Holman’s Island, former resort property being preserved
Colin MacLean / Published on June 15, 2015
© Public Archives and Records Office
The lavish Island Park Hotel on Holman Island opened on June 12 ,1873, closed October 1878 with a reputation for hoards of mosquitos, burned down December 1904.
Nature Conservancy of Canada continuing
Campaign to buy 90-acre island in Bedeque Bay
Holman’s Island, site of the first hotel resort on P.E.I., is on its way to being protected for future generations.
The Nature Conservancy of Canada (NCC) is starting a campaign to raise money to buy the 90-acre island, which sits about one and half kilometres off Summerside’s port in Bedeque Bay.
The island has a colourful history as one of Canada’s first major resort. It has changed hands several times over the years but has been owned by the Clark family for the last 60.
In a statement, Rodney Clark and Sue (Clark) Kelly, said they felt it was time to let go of the island and selling to the NCC allowed them to do that while ensuring the land’s protection.
The total conservation project, which includes administrative expenses, the purchase price and various other costs, comes in at about $530,000.
Most of that money is already in the bag, but the NCC still has to raise about $130,000, which it is hoping to do through local private donations. The deal is expected to be finalized by the end of September.
Julie Vasseur, a co-ordinator with the NCC, said her organization is interested in Holman’s Island for a number of reasons, but the foremost would be its ecological importance to the area as a multi-species bird nesting area and as a remnant of the area’s old Acadian forests.
“We’re pretty excited about it honestly, because it’s got such a fascinating history from a cultural perspective and because of its ecological importance,” she said.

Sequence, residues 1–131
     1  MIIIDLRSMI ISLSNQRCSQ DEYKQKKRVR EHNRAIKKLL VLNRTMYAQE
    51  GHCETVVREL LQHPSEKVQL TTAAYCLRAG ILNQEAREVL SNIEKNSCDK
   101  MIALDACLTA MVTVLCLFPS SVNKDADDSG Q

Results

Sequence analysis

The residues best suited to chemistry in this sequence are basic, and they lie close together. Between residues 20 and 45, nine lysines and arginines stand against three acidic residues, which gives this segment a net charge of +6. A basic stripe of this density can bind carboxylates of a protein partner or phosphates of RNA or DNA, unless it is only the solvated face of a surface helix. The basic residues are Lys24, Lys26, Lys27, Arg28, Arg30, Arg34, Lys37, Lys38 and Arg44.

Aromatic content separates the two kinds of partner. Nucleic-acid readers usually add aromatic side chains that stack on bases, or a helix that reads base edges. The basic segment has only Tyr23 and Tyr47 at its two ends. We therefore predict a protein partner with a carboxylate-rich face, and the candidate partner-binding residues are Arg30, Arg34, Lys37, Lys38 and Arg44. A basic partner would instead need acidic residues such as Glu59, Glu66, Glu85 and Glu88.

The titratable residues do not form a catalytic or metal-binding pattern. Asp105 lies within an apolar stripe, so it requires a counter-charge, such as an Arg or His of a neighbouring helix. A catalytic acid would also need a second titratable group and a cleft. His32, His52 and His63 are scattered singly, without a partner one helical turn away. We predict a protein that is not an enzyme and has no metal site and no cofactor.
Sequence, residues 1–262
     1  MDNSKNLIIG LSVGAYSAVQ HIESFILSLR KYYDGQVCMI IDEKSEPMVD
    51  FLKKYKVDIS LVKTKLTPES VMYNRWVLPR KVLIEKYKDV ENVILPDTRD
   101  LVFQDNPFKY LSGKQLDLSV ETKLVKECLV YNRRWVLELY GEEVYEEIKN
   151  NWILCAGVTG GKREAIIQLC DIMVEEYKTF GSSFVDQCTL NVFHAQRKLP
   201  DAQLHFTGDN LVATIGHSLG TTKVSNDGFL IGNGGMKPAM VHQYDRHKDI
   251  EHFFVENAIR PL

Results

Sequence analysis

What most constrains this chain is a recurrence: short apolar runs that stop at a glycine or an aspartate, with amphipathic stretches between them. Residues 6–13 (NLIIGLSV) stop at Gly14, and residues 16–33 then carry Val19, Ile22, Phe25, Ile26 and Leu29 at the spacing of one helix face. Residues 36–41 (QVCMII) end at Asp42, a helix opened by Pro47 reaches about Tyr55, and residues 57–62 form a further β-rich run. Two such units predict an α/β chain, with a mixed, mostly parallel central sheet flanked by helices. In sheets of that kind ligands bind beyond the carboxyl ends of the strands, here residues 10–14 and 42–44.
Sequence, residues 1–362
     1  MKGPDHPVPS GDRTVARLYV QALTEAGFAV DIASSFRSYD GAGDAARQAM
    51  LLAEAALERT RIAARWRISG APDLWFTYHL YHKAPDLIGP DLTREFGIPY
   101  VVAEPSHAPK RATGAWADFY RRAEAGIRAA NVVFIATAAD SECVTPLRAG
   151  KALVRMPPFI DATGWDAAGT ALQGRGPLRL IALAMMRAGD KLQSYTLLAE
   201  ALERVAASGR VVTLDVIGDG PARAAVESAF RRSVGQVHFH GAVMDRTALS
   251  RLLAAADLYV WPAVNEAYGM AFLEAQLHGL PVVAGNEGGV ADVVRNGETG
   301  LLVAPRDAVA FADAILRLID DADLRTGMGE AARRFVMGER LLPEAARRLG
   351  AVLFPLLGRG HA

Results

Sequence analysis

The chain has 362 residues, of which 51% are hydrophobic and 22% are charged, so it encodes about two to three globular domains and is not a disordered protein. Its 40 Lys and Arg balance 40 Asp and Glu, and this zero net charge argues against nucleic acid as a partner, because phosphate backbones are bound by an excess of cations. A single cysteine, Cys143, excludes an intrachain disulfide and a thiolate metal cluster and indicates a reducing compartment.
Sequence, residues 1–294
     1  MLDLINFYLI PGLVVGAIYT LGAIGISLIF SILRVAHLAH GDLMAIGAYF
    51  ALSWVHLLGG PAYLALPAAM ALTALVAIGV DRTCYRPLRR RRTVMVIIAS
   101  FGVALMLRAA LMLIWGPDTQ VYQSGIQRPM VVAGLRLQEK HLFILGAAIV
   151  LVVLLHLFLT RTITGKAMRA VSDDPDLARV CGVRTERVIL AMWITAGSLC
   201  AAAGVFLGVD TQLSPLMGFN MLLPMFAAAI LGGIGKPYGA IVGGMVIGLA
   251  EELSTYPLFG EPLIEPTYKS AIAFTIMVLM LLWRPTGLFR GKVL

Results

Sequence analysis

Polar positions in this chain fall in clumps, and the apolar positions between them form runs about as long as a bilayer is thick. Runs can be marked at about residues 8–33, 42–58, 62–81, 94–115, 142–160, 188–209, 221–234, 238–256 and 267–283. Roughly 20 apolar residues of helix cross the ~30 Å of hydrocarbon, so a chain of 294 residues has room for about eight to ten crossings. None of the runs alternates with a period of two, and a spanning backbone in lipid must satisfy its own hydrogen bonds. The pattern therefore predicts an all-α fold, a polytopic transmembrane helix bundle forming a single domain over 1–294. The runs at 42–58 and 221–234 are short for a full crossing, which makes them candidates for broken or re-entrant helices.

Island Park Hotel
The lavish Island Park Hotel built on the island by James L. Holman was a destination for wealthy United Empire Loyalists. Opened on June 12 ,1873, it had upward of 100 rooms, a barbershop, bowling alley, banquet halls, bars and immaculately maintained trails and grounds. A ferry, called The Frank, took people over from Summerside. It also had mosquitoes and lots of them. Most of the articles written about the resort during its years of operation mention hordes of bloodthirsty mosquitoes descending on the guests from the salt marshes on the island. This didn’t stop Holman from trying to make a go of the business. He next tried appealing to the upper echelons of Island society as well. Trains would run up from Charlottetown and for $2.25 customers got their train ticket, diner and entertainment. Diners, according to a bill of fare from July, 1874, included: mock turtle or oyster soup, boiled salmon or fried trout, beef, lamb, chicken and caper sauce. There was also cold dishes, like ham, tongue and corned beef, and various kinds of pastries like floating island and lemon and custard pies. Despite Holman’s efforts, the business was a failure. Not enough guests came. In October of 1878 the hotel closed and Holman died six days later. The property burned down in early December of 1904.